You might think that libraries are old-fashioned or irrelevant in the internet age. You would be wrong.

Modern libraries offer books, sure, but they also provide internet access for people who can’t afford it, as well as a host of excellent digital resources. Many libraries offer e-books, audiobooks, streaming videos, and even access to paywalled newspapers.

All of these services are free to you, regardless of your income level, if you have a library card. Here are five digital services your local library could offer. You might be surprised.

Download Free eBooks and Audiobooks

I know it’s weird, but I prefer ebooks to paper books. They’re portable, I can set the font size, and each book is in the same form factor. So I was delighted to learn that my local library offers ebooks – and chances are yours does too.

The best way to find out if your library offers eBooks or audiobooks is to check your local library’s website or ask a librarian. You can also check online, depending on which service your local library users use, to offer eBooks and audiobooks. Rakuten Overdrive is a popular choice; you can check if your library uses Overdrive here. Another such service is hoopla, and you can check this card to see if a library near you offers the service.

These are just two services: there are others, and we cannot cover them all. Ask your local librarian about ebooks; they will be happy to help you. You’ll need a library card to sign up for these services, but once you’ve done this you can borrow books from home – no library visit required.

Stream free movies and TV shows

Libraries have been offering movies for a long time, but some libraries go beyond just checking out DVDs and offering free access to video streaming.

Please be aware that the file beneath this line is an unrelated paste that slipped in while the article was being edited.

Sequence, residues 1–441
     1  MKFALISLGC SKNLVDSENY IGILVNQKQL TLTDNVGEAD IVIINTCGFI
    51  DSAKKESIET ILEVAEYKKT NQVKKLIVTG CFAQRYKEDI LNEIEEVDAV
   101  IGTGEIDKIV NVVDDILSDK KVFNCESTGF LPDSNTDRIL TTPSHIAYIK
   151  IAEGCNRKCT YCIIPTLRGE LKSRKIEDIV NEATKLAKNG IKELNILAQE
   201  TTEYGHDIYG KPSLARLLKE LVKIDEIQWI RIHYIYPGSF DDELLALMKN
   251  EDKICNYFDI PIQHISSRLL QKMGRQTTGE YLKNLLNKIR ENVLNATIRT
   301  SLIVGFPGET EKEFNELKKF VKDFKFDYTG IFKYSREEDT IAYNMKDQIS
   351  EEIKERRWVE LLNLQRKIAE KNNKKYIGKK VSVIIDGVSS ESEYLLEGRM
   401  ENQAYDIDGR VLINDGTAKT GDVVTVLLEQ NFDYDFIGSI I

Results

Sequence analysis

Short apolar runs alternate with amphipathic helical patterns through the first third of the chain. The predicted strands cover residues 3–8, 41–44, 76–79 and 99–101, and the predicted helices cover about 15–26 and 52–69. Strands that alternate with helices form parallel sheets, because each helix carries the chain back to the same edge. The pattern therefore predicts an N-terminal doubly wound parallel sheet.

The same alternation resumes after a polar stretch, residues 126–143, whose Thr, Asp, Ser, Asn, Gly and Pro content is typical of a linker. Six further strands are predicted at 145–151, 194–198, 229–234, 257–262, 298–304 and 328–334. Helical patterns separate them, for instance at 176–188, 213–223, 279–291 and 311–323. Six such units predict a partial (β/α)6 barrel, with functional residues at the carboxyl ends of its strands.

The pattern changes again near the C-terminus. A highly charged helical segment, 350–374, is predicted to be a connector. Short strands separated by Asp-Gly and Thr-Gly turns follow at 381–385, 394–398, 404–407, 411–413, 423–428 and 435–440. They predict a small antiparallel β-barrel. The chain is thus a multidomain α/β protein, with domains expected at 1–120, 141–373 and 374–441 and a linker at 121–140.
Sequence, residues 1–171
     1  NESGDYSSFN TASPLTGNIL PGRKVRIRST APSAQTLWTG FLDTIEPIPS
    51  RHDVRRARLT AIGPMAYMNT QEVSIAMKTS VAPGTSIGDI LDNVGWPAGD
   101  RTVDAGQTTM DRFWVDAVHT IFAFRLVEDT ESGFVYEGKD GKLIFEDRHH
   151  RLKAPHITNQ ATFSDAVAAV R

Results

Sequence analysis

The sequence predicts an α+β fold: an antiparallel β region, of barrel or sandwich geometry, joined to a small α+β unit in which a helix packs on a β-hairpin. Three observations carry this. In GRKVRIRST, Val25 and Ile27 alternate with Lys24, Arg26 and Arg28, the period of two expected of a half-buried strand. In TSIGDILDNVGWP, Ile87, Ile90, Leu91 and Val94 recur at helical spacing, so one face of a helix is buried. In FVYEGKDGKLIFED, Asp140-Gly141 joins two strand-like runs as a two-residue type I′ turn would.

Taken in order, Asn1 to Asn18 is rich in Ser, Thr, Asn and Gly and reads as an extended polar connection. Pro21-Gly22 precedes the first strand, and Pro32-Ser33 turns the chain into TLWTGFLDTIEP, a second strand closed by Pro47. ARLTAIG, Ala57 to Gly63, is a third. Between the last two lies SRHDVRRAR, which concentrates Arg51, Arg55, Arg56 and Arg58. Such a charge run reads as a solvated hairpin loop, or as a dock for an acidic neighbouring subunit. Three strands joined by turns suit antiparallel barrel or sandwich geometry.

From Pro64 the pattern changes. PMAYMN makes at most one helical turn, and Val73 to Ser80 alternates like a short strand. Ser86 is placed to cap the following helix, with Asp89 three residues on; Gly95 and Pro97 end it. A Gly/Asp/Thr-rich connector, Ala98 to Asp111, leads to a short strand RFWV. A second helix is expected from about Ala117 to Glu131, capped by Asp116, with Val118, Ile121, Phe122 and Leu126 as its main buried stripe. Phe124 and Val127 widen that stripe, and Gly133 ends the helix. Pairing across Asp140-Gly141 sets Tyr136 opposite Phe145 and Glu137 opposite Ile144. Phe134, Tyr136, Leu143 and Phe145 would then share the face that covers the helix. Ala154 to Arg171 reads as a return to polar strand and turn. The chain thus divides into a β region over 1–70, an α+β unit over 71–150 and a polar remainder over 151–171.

Kanopy is a streaming site offered by libraries in the United States, providing access to documentaries and films from the Criterion Collection. It’s not a Netflix replacement, but it’s a great addition. Check if your library offers access to Kanopy, or ask a librarian.

Kanopy isn’t the only streaming service your library might offer. hoopla, which we mentioned above, offers movies and TV shows in addition to ebooks. And there are even more streaming services. Again, check your local library’s website or ask a librarian for more information.

Free access to online journals and other resources

Good journalism is worth paying for, but not everyone can afford it. Your local library might offer some middle ground, paying for subscriptions so everyone has access.

My local library, for example, offers free access to the New York Times website. When I visit the library, the paywall does not apply, and I can request a three-day subscription whenever I want to use it outside the library. Several major library systems offer this, including Los Angeles, but we couldn’t find a definitive list. Check your local library’s website or ask a librarian if they offer newspaper subscriptions.

And it’s not just newspapers. Some libraries, especially university libraries, provide access to online research resources like Lexus Nexus. It’s worth looking into, and many people never think about it.

Access free online courses

Several sites on the web offer access to online courses, but the best ones require a subscription. Your local library may already be paying these fees, which means you can access these lessons for free.

For example, your library may offer free online courses on There is no list of libraries that offer this feature, so check your local library’s website or ask a librarian for more information.

Borrow Blu-Rays, DVDs and CDs

It’s not an online service, but it’s something that’s easy to overlook. Your local library probably carries DVDs, Blu-Rays, and CDs in addition to books. The newest and greatest films are usually already checked out, but browsing the rest of a collection can feel comforting like blockbusters and CD stores of yore, except it’s all free to borrow. There are usually even audiobook collections if you don’t mind dealing with CDs.

I highly recommend checking out the AV section of your local library if you haven’t in a while, as you might be surprised at how extensive it is. Even better: if you can’t find something, you might be able to ask for it at a nearby library.